Old-Fashioned Health Care Technologies

Rwanda Works Director Josh Ruxin says simple vaccines can save more lives than sophisticated interventions.
  • Transcript


Question: How is technology improving health care?


Josh Ruxin: I think the most important technologies that we have are those that we’ve had for decades. One small example of that would be Oral Rehydration Therapy which is a simple solution of sugar, salt and water which can save the lives of severely dehydrated people, people dehydrated by cholera or intestinal worms which has resulted in severe diarrhea.


I’ve actually seen kids who actually come back from death. They’re literally hours from dying, you give them the simple solution, in the right quantity, of Oral Rehydration Therapy, and they’re up running around playing soccer.


Why isn’t that being used everywhere in the world? The answer is that the management, the wherewithal and the overall unity of focus on public health does not currently exist in so many countries. Instead, they might be trying more complex solutions, sophisticated antibiotics, and other interventions such as intravenous drips which can’t be administered in all resource-poor settings.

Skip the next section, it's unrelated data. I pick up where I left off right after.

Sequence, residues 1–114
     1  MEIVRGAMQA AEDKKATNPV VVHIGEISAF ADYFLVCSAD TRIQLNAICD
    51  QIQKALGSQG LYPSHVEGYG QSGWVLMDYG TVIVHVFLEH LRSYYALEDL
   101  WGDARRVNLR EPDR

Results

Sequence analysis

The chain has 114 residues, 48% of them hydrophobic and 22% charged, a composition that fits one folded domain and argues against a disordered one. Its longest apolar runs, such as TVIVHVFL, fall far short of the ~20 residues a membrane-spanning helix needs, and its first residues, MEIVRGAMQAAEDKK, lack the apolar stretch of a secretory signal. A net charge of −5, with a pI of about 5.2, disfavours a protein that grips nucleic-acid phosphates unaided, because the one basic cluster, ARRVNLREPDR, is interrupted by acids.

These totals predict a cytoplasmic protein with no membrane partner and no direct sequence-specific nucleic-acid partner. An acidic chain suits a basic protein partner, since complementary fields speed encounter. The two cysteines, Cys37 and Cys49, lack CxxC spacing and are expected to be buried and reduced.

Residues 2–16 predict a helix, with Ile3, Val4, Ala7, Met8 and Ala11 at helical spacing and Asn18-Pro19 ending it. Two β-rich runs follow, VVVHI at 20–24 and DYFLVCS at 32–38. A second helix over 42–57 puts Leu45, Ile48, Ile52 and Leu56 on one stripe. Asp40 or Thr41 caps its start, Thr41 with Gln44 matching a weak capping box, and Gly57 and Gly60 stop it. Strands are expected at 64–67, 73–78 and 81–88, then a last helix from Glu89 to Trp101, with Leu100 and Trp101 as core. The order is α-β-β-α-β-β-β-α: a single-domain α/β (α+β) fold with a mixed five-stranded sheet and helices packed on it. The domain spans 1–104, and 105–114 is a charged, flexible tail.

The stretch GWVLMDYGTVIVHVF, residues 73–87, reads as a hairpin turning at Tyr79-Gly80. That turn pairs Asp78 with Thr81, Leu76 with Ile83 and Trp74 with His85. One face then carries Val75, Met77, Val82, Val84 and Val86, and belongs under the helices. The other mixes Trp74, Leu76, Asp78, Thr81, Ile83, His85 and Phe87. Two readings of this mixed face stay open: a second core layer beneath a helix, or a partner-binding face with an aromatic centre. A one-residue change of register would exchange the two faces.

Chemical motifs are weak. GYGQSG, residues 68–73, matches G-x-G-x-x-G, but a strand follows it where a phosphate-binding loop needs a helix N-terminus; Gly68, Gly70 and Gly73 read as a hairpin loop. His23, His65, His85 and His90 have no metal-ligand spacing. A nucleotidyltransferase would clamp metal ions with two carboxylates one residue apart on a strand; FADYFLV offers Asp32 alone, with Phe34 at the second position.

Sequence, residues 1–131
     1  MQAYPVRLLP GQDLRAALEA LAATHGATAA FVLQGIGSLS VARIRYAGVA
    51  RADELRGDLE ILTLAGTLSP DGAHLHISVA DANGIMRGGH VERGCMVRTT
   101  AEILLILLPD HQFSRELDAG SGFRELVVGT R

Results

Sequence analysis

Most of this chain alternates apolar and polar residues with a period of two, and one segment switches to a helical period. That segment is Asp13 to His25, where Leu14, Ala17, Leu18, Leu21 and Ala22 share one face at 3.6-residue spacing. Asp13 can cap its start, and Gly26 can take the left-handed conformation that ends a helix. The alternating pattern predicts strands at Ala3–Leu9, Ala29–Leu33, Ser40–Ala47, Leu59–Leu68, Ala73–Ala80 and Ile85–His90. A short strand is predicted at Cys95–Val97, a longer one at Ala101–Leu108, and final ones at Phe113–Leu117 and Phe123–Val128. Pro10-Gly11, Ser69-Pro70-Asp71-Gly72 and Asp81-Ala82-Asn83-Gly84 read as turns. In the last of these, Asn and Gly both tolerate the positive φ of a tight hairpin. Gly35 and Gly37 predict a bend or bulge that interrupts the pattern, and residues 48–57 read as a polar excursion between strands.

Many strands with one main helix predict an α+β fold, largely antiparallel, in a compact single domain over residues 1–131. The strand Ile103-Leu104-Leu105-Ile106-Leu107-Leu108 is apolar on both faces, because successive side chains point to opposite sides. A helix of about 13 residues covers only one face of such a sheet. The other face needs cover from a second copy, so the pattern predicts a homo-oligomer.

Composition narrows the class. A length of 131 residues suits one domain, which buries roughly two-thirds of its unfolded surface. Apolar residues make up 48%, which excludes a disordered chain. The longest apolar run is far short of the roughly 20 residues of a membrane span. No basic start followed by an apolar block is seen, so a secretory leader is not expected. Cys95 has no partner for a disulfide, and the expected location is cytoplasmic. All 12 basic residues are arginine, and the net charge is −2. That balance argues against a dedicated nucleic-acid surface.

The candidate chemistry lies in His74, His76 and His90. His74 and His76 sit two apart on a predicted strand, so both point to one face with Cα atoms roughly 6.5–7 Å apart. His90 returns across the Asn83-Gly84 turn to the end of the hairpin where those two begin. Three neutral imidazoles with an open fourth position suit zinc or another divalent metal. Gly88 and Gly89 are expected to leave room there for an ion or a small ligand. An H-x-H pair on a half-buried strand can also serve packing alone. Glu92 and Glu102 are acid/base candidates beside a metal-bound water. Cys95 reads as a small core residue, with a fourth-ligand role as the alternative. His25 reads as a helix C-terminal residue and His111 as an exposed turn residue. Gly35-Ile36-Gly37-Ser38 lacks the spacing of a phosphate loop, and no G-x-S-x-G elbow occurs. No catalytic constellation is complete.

It’s really a mixed perspective. There’s a lot to be said for new portable EKGs and also electronic medical records. But overall, first we have to figure out: How do we roll out the technologies that we’ve got a lot of practice with which we know are extremely effective? Those are technologies like insecticide-treated bed nets or combination therapy for malaria or anti-retro viral therapy for HIV/AIDS. These are all very basic interventions which have been with us at least a decade, if not decades more than that, and yet they’re not currently being implemented across the board.


There are actually some new vaccines which have just come to market and are starting to be used in developing countries, including a vaccine for pneumonia, pneumococcal vaccine, which we just piloted in Rwanda. That’s going to save 6,000 lives. It’s just one shot in the arm that kids need periodically, and they’re going to be good. It’s going to end up saving more lives than lots of more sophisticated intervention.


Recorded on: June 3, 2009.